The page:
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But Will You Work for Free? Difficulty in Using Unpaid Interns

The sun is starting to peak from behind gray clouds, and we all know what that means: summer is almost upon us! School is out, time for beach trips, barbeques, fireworks…and unpaid internships. With droves of undergraduate and graduate students on their way to a summer destination, it's time we revisit unpaid internships.  

Common wisdom suggests unpaid internships are a rite of passage, emphasis on unpaid. Startups are lean, budget conscious and talent hungry. Summer seems like a perfect time to acquire a little more human capital. Perhaps for free? Unfortunately, I have some bad news: having unpaid interns in a for-profit enterprise is a daunting feat. The difficulties involved may not be worth the trouble.   

The Fair Labor Standards Act (FLSA) defines the term "employ" very broadly as to "suffer or permit to work." Those individuals who suffer or are permitted to work must be compensated accordingly; this means employees must be paid at least minimum wage. Often, internships in the for-profit private sector will qualify as employment. In the wake of a U.S. Supreme Court ruling decades ago, the Department of Labor created a six factor test to help businesses determine whether they have an employee or an intern. Despite recent controversy, the test is still helpful as a general guide.

  1. The internship is similar to training which would be given in an educational environment

  2. The internship experience is for the benefit of the intern

  3. The intern does not displace regular employees but works under the close supervision of existing staff

  4. The employer that provides the training derives no immediate advantage from the activities of the intern, and on occasion its operations may actually be impeded

  5. The intern is not necessarily entitled to a job at the conclusion of the internship; and

  6. The employer and the intern understand that the intern is not entitled to wages for the time spent in the internship.

Looking Ahead

In recent years, the Department of Labor's test has fallen out of favor. Various circuit courts have provided their own tests for determining the existence of a legal unpaid internship.

In Glatt v. Fox Searchlight (2nd Cir. 2015), the plaintiffs were hired as unpaid interns by Fox Searchlight to work on the film Black Swan or at the corporate offices in New York City. The work often involved administrative tasks such as making photocopies, organizing file cabinets, drafting cover letters for mailings, running errands and similar tasks. The Second Circuit determined that the proper question is whether the intern or the employer is the primary beneficiary of the relationship. The "primary benefits test" has two features: 1) it focuses on what the intern receives in exchange for his work, and 2) it also affords courts the flexibility to examine the economic reality as it exists between the intern and the employer. The Court then determined that a consideration of all other factors were necessary to evaluate the relationship.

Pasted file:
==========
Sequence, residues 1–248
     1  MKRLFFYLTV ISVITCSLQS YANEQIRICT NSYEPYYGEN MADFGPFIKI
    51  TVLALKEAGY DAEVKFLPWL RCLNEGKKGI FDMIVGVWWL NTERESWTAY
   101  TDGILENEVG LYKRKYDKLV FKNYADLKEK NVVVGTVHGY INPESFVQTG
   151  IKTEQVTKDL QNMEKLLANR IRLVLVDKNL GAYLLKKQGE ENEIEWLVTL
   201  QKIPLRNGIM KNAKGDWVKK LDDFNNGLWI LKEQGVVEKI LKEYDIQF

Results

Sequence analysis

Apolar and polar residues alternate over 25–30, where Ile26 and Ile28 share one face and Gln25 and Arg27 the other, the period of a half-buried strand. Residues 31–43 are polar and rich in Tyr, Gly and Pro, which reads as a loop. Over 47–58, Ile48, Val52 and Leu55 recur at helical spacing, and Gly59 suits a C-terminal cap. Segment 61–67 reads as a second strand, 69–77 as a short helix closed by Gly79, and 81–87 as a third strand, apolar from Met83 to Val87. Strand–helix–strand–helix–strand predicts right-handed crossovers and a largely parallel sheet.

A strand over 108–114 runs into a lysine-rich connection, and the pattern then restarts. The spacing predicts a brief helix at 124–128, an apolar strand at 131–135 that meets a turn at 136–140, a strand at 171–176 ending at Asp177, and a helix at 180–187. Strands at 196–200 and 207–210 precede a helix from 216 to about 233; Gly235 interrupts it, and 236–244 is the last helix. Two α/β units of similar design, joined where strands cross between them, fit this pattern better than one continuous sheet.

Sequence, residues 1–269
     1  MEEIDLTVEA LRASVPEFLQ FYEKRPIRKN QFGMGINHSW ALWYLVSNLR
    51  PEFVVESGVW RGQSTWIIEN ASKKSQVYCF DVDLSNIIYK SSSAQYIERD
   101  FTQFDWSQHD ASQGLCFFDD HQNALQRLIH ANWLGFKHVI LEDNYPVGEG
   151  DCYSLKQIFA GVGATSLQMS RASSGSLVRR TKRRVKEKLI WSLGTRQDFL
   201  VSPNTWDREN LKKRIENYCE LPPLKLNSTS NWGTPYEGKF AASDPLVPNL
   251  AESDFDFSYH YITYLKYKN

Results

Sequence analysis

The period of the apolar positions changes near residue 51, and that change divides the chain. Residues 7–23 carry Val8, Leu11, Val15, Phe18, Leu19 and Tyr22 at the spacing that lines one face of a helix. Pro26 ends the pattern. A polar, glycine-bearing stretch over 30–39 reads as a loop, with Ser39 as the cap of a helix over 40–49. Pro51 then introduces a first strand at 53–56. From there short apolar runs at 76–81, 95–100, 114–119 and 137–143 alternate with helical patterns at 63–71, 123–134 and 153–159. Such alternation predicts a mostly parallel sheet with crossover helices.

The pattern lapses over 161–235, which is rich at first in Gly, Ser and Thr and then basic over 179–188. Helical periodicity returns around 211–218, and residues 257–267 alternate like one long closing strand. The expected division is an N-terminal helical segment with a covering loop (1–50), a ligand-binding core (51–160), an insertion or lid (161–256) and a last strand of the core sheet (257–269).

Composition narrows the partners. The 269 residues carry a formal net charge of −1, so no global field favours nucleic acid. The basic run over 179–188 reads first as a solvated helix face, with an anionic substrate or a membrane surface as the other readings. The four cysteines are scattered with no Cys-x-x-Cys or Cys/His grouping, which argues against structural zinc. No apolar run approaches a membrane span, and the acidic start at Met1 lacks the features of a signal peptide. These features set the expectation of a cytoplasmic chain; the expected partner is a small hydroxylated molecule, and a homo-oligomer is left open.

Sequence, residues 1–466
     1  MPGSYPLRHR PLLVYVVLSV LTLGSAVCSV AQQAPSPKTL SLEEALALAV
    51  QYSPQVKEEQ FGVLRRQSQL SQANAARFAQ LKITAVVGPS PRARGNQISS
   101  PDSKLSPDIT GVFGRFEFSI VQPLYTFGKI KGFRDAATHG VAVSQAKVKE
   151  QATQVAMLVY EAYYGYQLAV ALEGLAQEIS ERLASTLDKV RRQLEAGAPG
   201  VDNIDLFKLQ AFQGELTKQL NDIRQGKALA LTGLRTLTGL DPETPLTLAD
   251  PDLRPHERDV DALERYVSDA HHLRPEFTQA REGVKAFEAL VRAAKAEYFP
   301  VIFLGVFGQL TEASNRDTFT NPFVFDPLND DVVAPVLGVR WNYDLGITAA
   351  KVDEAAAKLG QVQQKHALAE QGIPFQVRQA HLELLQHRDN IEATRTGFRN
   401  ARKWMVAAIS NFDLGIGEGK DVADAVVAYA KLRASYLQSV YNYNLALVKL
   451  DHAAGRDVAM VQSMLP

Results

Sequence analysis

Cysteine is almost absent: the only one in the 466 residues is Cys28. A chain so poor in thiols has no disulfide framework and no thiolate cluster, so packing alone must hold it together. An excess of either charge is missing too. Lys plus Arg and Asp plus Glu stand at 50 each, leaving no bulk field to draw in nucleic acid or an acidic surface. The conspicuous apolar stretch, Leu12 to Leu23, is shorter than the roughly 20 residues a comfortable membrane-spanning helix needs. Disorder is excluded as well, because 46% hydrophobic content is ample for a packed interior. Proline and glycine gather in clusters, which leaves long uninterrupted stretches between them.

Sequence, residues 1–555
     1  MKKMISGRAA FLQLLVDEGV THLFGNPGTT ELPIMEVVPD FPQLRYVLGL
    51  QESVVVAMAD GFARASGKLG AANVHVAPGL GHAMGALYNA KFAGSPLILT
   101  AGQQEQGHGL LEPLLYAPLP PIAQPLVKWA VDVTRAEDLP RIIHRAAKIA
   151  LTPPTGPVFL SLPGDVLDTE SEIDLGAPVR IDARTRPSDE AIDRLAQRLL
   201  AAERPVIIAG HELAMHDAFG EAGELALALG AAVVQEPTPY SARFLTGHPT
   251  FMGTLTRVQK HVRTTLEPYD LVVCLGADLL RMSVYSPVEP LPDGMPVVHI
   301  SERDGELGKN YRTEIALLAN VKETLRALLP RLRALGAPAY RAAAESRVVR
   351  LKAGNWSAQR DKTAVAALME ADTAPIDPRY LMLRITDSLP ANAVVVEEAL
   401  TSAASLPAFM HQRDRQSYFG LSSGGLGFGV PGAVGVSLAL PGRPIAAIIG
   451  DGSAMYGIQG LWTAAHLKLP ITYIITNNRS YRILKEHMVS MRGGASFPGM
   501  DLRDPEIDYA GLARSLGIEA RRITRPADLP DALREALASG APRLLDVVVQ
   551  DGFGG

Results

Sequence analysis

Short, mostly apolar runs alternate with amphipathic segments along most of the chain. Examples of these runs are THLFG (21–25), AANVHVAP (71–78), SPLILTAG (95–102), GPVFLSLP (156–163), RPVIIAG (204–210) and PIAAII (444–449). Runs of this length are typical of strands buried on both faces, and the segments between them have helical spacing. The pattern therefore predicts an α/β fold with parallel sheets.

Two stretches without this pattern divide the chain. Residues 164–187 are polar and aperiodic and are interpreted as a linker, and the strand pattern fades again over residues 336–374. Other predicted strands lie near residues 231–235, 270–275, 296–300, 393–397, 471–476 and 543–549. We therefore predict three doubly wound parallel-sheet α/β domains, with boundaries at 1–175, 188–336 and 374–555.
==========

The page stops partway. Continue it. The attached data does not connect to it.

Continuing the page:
Since we're in Michigan, let's talk about the decision in Solis v. Laurelbrook Sanitarium and School, Inc. (6th Cir. 2011). Though the Sixth Circuit doesn't quite deal with interns, it does add to the conversation of employment status. In Solis, the Department of Labor brought an action against a boarding school, seeking to prevent alleged violations of child labor. The court settled on the following test:

  • As in Glatt, one must ascertain which party derives the primary benefit from the relationship.

  • The court considers factors such as whether relationship displaces paid employees, and whether there is educational value derived from the relationship.

  • Additional factors that bear on the inquiry should also be considered insofar as they shed light on which party primarily benefits from the relationship.

  • A court must consider the tangible and intangible benefits to each party.

In sum, having unpaid interns isn't quite the free labor you were looking for. The federal guidelines prohibit immediate advantage gained from their work. And to some extent, inconvenience is expected. However, that's not to say that unpaid internships are worthless. Rather than temporary access to human capital, think of it as priming the pump. Great internship programs can get the marketplace excited about your company. Don't underestimate an internship's ability to build goodwill, which should affect sales and recruiting. 

© 2022 Varnum LLPNational Law Review, Volume VI, Number 125

About this Author

Our commercial and corporate attorneys work daily on a variety of contract matters, including supplier contracts, licensing, procurement, sales contracts and contract administration.

Varnum attorneys serve our business clients’ needs in complex transactions governed by the Uniform Commercial Code, which includes Article 2 (Sales of Goods) and Article 9 (Secured Transactions). We have expertise in all facets of commercial sales, including drafting of purchase orders, quotes, and acknowledgments to protect the rights of buyers and sellers...